Unless you’re training for a marathon, the idea that long low-intensity cardio sessions, such as an hour of slow jogging or pootling along on the stationary bike whilst reading a book will burn piles of fat is a complete myth. I could get all technical here about energy pathways and how oxygen is utilized in the presence of fat to rebuild adenosine triphosphate from adenosine diphosphate (If you’re curious, here’s a good summary).
However, I’m not going to do that, as what we are interested in here is how you go about beating the bulge in the 30 minutes a day that you actually do have for fitness once you’ve been to work, been shopping, cooked, fed the family and got the kids to bed. At this stage of the day, you’re completely knackered and it’s the hardest thing in the world to motivate yourself to go to the gym, let alone the prospect of sitting on that stupid treadmill for an hour.
Well, I can’t offer you much help with the kids, but I can make your workout more efficient.
The first thing you’ve got to understand is that you are not training for the Olympics… or maybe you are, in which case, WHY are you reading this?? Olympic rowers will spend a couple of hours at a time sitting on the ergo in the boathouse. Boring, yes, but this is the stuff of champions.
What they are doing is training a particular energy pathway, namely the fat + oxygen + ADP -> ATP + CO2 + water (What!?!?) They need to be more efficient at doing this so that their bodies can utilize this source of energy production at higher intensities and for longer during a race. But you, my friend, are trying to get fit and lose weight.
A very effective type of training is a circuit with resistance stations and medium intensity cardio stations. You can use your imagination and create your own in your garden, with running on the spot, star jumps, press-ups, crunches, burpees, lifting sandbags, etc., etc. Great in the summer, but more tricky in January.
If you can’t be bothered with that, there’s always jogging. What?! Jogging? Don’t jog – Run! OK, don’t overdo it on the first outing, and please, please make sure you consult your doctor before you start an exercise program especially if you’re been a couch potato for the last decade.
However, once you do get into it and have been out for a few jogs, try a bit of interval training. Interval training is where you raise and lower the intensity of the exercise in intervals. This trains different energy pathways such as the ones needed for the final sprint for the line at the end of the 1500m or perhaps, more realistically, the turn of pace required to catch the number 38 bus that is just pulling away.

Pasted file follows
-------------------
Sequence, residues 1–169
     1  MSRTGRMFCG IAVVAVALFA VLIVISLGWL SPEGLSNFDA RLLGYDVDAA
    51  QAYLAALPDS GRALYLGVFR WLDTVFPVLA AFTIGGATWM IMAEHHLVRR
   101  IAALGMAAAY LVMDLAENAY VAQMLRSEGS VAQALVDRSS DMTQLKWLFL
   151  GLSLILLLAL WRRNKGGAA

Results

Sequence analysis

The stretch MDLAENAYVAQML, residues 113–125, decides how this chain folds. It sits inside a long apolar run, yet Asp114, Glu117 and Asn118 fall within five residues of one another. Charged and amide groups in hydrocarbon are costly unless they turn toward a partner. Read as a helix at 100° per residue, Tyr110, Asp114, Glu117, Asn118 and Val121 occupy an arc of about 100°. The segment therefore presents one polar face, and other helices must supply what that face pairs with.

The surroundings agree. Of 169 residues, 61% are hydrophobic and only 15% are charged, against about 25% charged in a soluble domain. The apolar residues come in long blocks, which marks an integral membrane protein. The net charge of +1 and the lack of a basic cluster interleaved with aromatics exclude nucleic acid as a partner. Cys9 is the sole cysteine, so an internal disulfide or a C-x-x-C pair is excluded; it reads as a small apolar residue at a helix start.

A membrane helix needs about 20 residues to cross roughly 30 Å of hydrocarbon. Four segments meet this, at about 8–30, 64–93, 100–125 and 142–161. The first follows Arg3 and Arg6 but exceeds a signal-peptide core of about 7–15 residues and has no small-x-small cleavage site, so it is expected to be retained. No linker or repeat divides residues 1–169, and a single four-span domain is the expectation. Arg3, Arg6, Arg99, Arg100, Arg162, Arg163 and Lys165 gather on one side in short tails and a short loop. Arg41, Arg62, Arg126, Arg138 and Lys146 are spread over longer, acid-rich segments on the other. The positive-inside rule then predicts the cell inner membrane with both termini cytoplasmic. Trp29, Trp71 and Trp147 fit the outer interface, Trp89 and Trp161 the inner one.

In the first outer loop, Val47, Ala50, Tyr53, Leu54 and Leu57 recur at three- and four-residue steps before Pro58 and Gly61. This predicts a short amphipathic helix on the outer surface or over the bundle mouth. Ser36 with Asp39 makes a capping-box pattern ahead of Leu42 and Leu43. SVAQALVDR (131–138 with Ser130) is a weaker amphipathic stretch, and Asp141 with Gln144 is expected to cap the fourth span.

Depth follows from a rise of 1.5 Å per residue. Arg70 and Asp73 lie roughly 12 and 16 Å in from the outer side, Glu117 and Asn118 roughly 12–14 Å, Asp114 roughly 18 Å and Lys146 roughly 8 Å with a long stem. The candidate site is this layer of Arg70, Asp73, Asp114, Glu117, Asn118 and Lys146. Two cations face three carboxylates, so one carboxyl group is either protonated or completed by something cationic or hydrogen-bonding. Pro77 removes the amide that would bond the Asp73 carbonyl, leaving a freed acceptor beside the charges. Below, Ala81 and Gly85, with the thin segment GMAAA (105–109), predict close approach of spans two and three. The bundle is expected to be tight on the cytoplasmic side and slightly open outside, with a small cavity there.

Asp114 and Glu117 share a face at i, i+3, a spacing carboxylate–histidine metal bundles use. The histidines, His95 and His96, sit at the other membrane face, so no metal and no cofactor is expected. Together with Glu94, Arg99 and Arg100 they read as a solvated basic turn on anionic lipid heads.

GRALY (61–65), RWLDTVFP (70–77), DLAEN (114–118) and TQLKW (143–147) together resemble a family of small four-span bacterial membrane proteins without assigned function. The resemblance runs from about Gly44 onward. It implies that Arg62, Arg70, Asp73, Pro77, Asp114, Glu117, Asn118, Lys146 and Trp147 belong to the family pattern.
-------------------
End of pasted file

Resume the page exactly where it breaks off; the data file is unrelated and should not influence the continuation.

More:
More to the point, you’re muscles and joints will also react to the training, getting stronger than if you only pushed them to the level of a slow jog all the time. Practically, you could pick up the pace on alternate lampposts or trees on your normal circuit. Like I said, build it up gradually. Depending on your starting level, if you keep this up, eventually you will get to the stage where you can go at a full on sprint between every third and fourth lamppost. Now, that’s fitness!
There are a couple of added benefits to training at higher intensities. Once you finish your workout, with your tired muscles, the body has to go to work repairing the damage you have done. OK, this sound more dramatic than it actually is.
Every time you train a muscle to the point at which it feels sore the next day, you have slightly damaged some of the muscle fibers. This is perfectly normal. Your body repairs the muscle and slightly over-compensates, adding a few extra fibers so that it is better able to cope next time. This is the whole principle behind body-building.
This repair job requires energy, which will be created in the presence of oxygen and fat ….that’s what I was talking about before – remember the Olympic athletes? So there you have the after-burn effect, which can last up to thirteen hours post training. So, you could go for a slow jog to burn your hour’s worth of fat, or you could do a half-hour high intensity workout, and burn extra fat several hours whilst you rest. Hmmmm. Difficult choice?
The other wonderful benefit of a high intensity workout is the amount of endorphins it releases in comparison to low intensity. You will simply feel great afterwards.
I like running. I go off with my dog in the woods behind my house. Trouble is, it’s pretty hard on the joints and there’s always the risk of injury. I tore a quadriceps muscle last week by stumbling over a root on the way back downhill and taking a big step to prevent myself falling on my face. It’s just about getting better now.
I have never injured myself on my Concept2. I usually do my interval training by doing 30 seconds high intensity, then dropping down to low for a minute, then 30 seconds medium, followed by another minute low and then repeating the process for ten cycles. It’s easy to set your intensities using wattage or meters per minute as your guide.
Whatever exercise method you choose, remember that the most effective form of exercise is a mixture of cardio and resistance. The resistance can be in the form of higher intensity such as interval training. Vary your training to prevent A) boredom and B) your body getting used to the same routine. If you run the same circuit every day, try going the other way round.
PS: Check out this post for a great 30 minute HIIT pyramid on a rowing machine.
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